Rating: PG-13
Nicholas Hoult, Teresa Palmer, Rob Corddry, Dave Franco, Analeigh Tipton, Cory Hardrict, John Malkovich
Jonathan Levine, based on the novel by Isaac Marion
Jonathan Levine
Summit Entertainment
Release Date:
February 1, 2013

WARM BODIES takes some of the conventions of the vampire romance genre and applies them to the zombie genre with a gentle sense of humor and a metaphor that sort of works but could have used a little more oomph.

It’s been about eight years since a plague swept through the world, turning most people into flesh-eating zombies and forcing the survivors to hole up in walled cities. The zombies, meanwhile, wander around slowly as zombies do when there’s nothing for them to eat. One zombie, R (Nicholas Hoult), has actual thoughts. He can’t remember much about himself, but he has enough reflection and motor skills to know that he likes LPs of classic pop and rock music (making for a fun soundtrack).

R is part of a larger group of zombies shambling through an abandoned airport. On the same day they decide they’re hungry, a group of young soldiers from the nearby walled city are sent to raid an abandoned pharmacy for drugs. The two factions converge, with some results that are typical – zombies eat people, people shoot zombies – and some that aren’t. Regarding the latter, R sees and is immediately attracted to Julie (Teresa Palmer), who happens to be the daughter of the city’s commander, General Grigio (John Malkovich). R then kills and eats the brain of Perry (Dave Franco), which gives R Perry’s emotions and memories. It turns out that Perry was Julie’s boyfriend, so R is now smitten. He protects Julie from the other zombies by convincing her to pretend she’s one of them (which also saves Julie’s surviving companions by drawing the zombies away).

R stashes Julie in an abandoned airplane. He learns to talk again and she learns to trust him. There may be even be a way for R to help bring change to his fellow zombies – that is, the ones who haven’t given up and become skeletal “bonies” – but can the humans be convinced to hold their gunfire long enough to see that there may be light at the end of the tunnel?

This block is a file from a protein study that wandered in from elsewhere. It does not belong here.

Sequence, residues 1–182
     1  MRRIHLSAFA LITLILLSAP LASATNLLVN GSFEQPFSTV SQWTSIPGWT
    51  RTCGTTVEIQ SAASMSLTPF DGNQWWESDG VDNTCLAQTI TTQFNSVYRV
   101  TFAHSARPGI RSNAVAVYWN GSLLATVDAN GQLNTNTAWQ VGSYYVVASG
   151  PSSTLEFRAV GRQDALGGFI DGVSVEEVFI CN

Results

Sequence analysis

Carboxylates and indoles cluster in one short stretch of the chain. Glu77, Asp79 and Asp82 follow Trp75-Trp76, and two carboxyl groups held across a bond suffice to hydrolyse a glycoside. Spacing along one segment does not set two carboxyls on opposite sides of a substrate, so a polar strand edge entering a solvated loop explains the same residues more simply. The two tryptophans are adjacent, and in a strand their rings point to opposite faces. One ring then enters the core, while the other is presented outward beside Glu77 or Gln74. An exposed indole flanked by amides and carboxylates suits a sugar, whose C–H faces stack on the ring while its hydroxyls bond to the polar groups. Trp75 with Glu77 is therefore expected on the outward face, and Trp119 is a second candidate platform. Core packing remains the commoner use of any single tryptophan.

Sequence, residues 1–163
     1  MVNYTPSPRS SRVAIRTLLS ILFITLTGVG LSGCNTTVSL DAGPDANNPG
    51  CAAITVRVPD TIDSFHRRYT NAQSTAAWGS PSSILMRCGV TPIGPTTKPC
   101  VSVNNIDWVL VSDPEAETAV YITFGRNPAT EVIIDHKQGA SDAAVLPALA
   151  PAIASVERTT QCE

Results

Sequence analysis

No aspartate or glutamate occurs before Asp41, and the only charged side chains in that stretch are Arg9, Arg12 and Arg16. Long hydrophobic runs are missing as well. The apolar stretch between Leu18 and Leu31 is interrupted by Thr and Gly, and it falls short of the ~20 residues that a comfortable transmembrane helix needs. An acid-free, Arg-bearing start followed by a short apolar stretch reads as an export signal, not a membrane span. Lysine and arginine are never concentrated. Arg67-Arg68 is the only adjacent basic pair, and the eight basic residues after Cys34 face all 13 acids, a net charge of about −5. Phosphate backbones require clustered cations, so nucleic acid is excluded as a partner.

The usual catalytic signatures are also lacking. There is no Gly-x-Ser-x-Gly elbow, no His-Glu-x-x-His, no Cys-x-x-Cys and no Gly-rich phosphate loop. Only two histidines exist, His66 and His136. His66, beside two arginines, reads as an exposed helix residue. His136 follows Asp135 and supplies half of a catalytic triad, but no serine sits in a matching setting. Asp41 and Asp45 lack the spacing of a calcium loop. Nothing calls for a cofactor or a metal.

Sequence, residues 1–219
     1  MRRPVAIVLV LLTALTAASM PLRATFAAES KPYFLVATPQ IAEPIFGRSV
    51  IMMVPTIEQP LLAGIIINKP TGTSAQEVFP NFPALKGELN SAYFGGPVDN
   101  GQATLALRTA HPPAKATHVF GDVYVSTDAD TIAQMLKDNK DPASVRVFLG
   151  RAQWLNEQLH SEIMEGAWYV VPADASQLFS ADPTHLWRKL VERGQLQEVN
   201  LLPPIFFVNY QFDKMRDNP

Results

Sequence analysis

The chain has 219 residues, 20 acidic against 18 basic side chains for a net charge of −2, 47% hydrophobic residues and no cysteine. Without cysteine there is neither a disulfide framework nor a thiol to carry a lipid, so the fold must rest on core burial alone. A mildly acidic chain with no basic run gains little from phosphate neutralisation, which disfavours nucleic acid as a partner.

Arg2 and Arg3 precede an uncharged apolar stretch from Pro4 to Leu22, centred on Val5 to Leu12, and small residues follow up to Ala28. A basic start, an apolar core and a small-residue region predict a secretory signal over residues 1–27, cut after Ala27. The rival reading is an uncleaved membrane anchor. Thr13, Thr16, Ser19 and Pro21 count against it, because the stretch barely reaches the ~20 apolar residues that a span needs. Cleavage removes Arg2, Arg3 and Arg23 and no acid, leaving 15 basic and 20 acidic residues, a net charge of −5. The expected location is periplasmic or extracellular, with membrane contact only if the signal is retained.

Taken on its surface – and some will argue that this is what we’re supposed to do anyway – WARM BODIES has good humor and a reasonable amount of charm. Director Jonathan Levine, who adapted the screenplay from Isaac Marion’s novel, has a gentle touch, so that much of the time, this feels like another cinematic tale of male adolescent romantic longing in a tradition that spans everything from SAY ANYTHING to SCOTT PILGRIM VS. THE WORLD to MTV’s TEEN WOLF. R is our narrator, and we immediately like him for his observations that he should stand straighter – which is a problem, given his condition. Hoult brings soulfulness and empathy to R, and he has good chemistry with Palmer’s Julie. For those who may be slow to observe that the names R and Julie, when paired, evoke Romeo and Juliet, there’s even a balcony scene to underscore the point.

There are also a number of good jokes here. In order to preserve both the PG-13 rating and the tilt toward romance rather than horror, none of the zombies look particularly distressing. They’re pale and have dark circles around their eyes, but nobody is missing chunks of flesh or even displaying bite marks (R is an outright hottie who just needs a little time in the sun). Blood is present but not plentiful. In other words, zombie movie aficionados can bring friends who may have been too squeamish for SHAUN OF THE DEAD but are amenable to VAMPIRE DIARIES.

However, the WARM BODIES filmmakers are so entirely caught up in zombies as a metaphor for depression (including the possibility of depression ultimately ending) that there are places when they seem to forget the fact that there are unusual elements to the story of R’s evolution. In a conventional zombie movie, it’s not necessary to know how the epidemic started. However, when your story is about a potential cure for the zombie condition – i.e., bringing the reanimated corpses back to full life – then exactly what the condition is becomes highly relevant. There are some signs that not providing exposition on the topic is meant to be part of the humor, but the omission never sends up anything specifically nor provides laughs in its contrast to other zombie films – it just seems like nobody wanted to go to the trouble of thinking through the mythology. There are also inconsistencies, like the fact that the corpses move very slowly – except when they can suddenly speed up, jump and handle tools in combat sequences. At another point, characters get hold of a functioning motor vehicle, but it doesn’t occur to them in a timely fashion to use it to get to a desired destination. All of this makes us aware that we’re watching something that’s pleasant and is making a point, rather than immersing us in a world where we experience comedy and wonder.

As for scares, there is one “jump” in the film. Otherwise, we like the characters enough to worry about them, but we’re not scared and we don’t have a great sense of dread.

WARM BODIES is warm and often entertaining, but not only is it seldom gross, its desire for quick emotional effects prevents it from being truly engrossing.


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: Movie Review: WARM BODIES

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